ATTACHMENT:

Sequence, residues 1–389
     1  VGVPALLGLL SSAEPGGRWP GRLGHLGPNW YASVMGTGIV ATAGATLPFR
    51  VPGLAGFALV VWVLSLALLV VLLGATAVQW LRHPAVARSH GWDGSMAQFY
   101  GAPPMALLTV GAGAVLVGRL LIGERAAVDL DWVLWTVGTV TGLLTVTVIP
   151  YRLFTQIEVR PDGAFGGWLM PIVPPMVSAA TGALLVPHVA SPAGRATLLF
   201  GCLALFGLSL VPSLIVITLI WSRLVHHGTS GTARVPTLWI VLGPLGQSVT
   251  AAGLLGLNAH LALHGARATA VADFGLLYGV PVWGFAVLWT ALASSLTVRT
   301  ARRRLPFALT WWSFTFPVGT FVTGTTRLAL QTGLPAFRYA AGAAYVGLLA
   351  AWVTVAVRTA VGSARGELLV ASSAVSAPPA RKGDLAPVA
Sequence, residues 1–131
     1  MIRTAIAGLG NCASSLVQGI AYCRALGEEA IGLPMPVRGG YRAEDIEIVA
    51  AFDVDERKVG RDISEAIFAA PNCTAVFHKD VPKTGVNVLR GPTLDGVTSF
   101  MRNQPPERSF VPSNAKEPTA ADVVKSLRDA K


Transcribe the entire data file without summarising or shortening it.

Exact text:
Sequence, residues 1–389
     1  VGVPALLGLL SSAEPGGRWP GRLGHLGPNW YASVMGTGIV ATAGATLPFR
    51  VPGLAGFALV VWVLSLALLV VLLGATAVQW LRHPAVARSH GWDGSMAQFY
   101  GAPPMALLTV GAGAVLVGRL LIGERAAVDL DWVLWTVGTV TGLLTVTVIP
   151  YRLFTQIEVR PDGAFGGWLM PIVPPMVSAA TGALLVPHVA SPAGRATLLF
   201  GCLALFGLSL VPSLIVITLI WSRLVHHGTS GTARVPTLWI VLGPLGQSVT
   251  AAGLLGLNAH LALHGARATA VADFGLLYGV PVWGFAVLWT ALASSLTVRT
   301  ARRRLPFALT WWSFTFPVGT FVTGTTRLAL QTGLPAFRYA AGAAYVGLLA
   351  AWVTVAVRTA VGSARGELLV ASSAVSAPPA RKGDLAPVA
Sequence, residues 1–131
     1  MIRTAIAGLG NCASSLVQGI AYCRALGEEA IGLPMPVRGG YRAEDIEIVA
    51  AFDVDERKVG RDISEAIFAA PNCTAVFHKD VPKTGVNVLR GPTLDGVTSF
   101  MRNQPPERSF VPSNAKEPTA ADVVKSLRDA K